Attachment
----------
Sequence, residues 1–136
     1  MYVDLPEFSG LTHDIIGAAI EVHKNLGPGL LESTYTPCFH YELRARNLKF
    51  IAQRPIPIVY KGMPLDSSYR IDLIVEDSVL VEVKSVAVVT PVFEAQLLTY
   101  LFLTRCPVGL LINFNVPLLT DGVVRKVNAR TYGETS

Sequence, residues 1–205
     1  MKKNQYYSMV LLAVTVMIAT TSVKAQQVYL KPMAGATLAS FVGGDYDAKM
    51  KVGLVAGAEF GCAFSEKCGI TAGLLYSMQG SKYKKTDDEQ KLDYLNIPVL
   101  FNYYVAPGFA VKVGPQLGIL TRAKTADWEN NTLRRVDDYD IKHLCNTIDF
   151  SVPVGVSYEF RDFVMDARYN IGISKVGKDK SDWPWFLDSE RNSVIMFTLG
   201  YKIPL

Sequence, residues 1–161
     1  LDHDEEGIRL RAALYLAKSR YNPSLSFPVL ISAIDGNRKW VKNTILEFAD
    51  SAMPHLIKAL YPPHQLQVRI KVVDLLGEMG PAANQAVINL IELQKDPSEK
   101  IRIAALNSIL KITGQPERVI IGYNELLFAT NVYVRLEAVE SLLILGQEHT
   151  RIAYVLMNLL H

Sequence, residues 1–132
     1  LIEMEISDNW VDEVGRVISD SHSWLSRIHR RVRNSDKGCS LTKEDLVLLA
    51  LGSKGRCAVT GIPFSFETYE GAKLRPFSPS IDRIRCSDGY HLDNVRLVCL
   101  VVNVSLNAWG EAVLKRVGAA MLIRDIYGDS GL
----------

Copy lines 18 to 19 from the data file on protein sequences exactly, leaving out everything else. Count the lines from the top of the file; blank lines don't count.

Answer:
    51  LGSKGRCAVT GIPFSFETYE GAKLRPFSPS IDRIRCSDGY HLDNVRLVCL
   101  VVNVSLNAWG EAVLKRVGAA MLIRDIYGDS GL